With an 11-8 win on Wednesday, the San Francisco Giants completed a four-game sweep of the Colorado Rockies, even with a getaway day lineup taking the field.
With the likes of Donovan Solano getting at-bats while Alex Dickerson and Buster Posey sat on the bench, San Francisco (47-49) still feasted offensively and extended the team’s torrid run to 12 wins in 14 games.
The biggest factor over the past 14 games — which started on the last day of June — has undoubtedly been production from the outfield, made up of three players that weren’t on the Opening Day roster. Onn Wednesday, the Giants got two hits from Austin Slater, two from Mike Yastrzemski and one from Kevin Pillar.
Slater scored on Pablo Sandoval’s two-run double in the first, Yastrzemski knocked Sandoval in shortly thereafter and Pillar knocked an insurance run in to help put the game away in the eighth. Even with the day off, Dickerson — another mid-season addition — still got his licks in, delivering a key pinch-hit single in the top of the seventh off flamethrower Carlos Estevez to open up a 7-5 lead.
The real hero, though, was Solano. Having spent the entirety of the last two years in the minors, Solano has been a key contributor for the Giants as a utilityman and platoon bat, but even facing a right-hander as Jon Gray took the hill on Wednesday, Solano made his mark, going 4-for-5.
Solano hit his second homer of the season and ninth of his career in the sixth inning, a no-doubter to left-center to give the visitors a 6-5 lead. He also doubled in the fourth inning, singled to set up Dickerson’s RBI single in the seventh and came around to score on a Brandon Belt RBI single to pad the lead. For good measure, he also hustled for a double to right-center in the eighth inning, taking advantage of the spacious Coors Field dimensions as Joe Panik raced home with San Francisco’s final run of the day.
Solano raised his batting average to .337 and his OPS to .837. For reference, his highest single-season average is .295 and his highest OPS for a year is .717, marks he hasn’t posted since his 2012 rookie season, in which he had 316 plate appearances with the Miami Marlins as a 24-year-old.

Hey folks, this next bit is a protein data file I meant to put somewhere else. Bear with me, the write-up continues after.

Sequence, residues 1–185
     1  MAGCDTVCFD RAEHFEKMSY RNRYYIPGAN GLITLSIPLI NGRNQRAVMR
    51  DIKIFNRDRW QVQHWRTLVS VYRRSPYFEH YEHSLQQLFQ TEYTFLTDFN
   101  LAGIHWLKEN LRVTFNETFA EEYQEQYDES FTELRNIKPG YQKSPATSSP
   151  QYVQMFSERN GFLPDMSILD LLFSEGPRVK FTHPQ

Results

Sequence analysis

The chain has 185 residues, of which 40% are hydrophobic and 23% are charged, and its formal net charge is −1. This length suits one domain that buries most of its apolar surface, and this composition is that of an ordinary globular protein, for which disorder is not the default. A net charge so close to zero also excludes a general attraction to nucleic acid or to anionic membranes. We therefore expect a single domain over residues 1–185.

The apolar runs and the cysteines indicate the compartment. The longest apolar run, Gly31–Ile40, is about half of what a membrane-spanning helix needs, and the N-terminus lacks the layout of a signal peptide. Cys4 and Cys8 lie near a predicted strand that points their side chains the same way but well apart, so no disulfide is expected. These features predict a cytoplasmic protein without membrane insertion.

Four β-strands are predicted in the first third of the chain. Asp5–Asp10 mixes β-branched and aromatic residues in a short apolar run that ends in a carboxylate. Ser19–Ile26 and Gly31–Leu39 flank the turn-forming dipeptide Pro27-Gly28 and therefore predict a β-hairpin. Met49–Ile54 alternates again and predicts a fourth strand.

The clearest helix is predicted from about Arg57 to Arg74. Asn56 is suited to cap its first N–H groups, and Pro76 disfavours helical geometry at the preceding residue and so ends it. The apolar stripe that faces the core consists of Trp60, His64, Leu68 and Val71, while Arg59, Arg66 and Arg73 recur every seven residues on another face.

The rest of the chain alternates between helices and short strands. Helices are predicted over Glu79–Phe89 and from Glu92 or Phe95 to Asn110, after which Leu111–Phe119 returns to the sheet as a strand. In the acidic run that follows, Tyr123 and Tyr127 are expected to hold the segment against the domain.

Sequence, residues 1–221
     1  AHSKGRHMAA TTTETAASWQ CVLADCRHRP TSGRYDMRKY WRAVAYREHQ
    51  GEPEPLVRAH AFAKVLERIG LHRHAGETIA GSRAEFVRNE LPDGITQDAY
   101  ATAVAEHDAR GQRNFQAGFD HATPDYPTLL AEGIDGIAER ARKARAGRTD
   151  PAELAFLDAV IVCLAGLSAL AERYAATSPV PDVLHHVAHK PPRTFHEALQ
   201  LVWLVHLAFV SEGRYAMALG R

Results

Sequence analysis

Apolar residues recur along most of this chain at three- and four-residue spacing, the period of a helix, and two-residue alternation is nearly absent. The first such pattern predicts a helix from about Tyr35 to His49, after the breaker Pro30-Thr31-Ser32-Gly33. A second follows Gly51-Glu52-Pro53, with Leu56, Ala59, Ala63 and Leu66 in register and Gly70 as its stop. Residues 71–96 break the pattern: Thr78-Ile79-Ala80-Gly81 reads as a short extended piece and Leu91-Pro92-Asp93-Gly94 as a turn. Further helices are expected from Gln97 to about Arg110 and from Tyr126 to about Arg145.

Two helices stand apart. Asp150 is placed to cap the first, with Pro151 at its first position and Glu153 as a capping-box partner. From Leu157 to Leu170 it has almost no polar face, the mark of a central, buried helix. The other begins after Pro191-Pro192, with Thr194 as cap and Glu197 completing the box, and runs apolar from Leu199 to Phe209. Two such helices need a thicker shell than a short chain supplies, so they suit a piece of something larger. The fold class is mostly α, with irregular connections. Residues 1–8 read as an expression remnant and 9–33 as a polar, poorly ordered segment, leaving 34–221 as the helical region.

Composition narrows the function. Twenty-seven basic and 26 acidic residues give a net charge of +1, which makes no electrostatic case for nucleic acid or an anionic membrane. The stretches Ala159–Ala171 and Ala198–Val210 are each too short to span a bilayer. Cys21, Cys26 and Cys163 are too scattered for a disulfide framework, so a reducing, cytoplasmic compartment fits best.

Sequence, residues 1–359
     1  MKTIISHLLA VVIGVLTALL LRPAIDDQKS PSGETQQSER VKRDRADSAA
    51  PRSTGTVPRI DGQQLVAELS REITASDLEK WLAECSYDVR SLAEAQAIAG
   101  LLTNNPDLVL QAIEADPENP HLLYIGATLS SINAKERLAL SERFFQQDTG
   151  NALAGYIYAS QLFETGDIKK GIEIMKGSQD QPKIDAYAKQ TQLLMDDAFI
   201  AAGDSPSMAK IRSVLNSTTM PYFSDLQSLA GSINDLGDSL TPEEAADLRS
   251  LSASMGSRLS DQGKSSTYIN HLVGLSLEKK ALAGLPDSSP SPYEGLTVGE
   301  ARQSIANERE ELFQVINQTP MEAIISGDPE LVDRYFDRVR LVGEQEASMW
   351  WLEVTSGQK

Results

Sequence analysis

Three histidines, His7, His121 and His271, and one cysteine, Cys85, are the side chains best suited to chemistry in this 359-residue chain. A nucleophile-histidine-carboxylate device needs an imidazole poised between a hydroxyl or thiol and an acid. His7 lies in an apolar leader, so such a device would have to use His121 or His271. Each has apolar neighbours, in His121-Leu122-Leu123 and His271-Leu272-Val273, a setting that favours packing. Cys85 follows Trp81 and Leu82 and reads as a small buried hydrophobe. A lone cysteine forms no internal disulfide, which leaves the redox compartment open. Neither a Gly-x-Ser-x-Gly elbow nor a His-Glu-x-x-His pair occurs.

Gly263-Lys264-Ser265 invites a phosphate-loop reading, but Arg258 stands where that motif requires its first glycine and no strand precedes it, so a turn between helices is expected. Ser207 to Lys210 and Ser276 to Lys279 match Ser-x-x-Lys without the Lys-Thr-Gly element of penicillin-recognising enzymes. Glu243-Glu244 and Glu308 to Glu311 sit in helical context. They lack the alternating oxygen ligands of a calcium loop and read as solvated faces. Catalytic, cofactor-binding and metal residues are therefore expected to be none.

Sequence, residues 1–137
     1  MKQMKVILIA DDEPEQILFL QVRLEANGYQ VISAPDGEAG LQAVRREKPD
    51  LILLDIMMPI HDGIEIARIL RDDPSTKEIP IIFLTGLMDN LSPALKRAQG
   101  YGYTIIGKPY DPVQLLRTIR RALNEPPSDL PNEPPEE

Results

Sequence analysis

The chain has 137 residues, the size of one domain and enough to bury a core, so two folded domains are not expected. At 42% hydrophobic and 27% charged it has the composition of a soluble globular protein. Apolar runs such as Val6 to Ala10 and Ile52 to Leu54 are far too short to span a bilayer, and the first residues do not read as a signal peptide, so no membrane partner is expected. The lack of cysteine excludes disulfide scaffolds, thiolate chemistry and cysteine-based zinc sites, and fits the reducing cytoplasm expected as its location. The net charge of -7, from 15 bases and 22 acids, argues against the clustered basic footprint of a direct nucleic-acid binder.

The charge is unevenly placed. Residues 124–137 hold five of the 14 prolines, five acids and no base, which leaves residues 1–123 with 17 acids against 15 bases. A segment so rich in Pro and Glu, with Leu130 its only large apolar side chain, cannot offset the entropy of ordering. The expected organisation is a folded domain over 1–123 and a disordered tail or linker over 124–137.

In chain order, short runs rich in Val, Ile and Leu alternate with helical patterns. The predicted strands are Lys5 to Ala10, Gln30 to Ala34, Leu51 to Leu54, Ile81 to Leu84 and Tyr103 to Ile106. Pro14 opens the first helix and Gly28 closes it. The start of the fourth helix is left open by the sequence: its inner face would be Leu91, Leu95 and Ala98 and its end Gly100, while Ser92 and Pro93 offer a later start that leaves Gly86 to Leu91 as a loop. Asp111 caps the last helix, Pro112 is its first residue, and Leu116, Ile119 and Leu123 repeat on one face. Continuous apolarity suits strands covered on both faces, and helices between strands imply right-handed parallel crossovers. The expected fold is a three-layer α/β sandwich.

While Solano isn’t the only contributor who’s factored in to the Giants’ hot play as of late, his production has been typical of a team that’s gotten solid at-bats out of anyone and everyone. Stephen Vogt hit his fourth homer of the year and second of the series to give his team a 5-4 lead in the top of the fifth, dashing any hopes Gray had of replicating his prior start, in which he held the Cincinnati Reds to two runs over seven innings.
Nolan Arenado tied the game with an RBI single in the bottom of the inning — the last of the five runs Shaun Anderson allowed over his 4 1/3 innings — but it would be the Giants who emerged with the sweep and left Colorado (46-50) thinking about selling at the upcoming trade deadline after losing four straight to a San Francisco team that had won just two games at Coors Field over the prior two years.
The Giants — long thought to be deadline sellers as Farhan Zaidi beings a multi-year, bottom-up rebuild — have transformed the picture in the National League West. When they return home to open a four-game set with the New York Mets on Thursday, their flag will be raised to the third spot in the division on the pole in right-center at Oracle Park, above the Rockies and San Diego Padres.
Winning the division is all but out of the question with the Los Angeles Dodgers 14 games clear of second place entering Wednesday’s action, but a wild card race in the tightly-packed NL is still a possibility. No, the Giants don’t have many assets to trade for impact pieces, but if the current roster can keep it going, Bruce Bochy’s final year as manager might have a better outcome than many expected.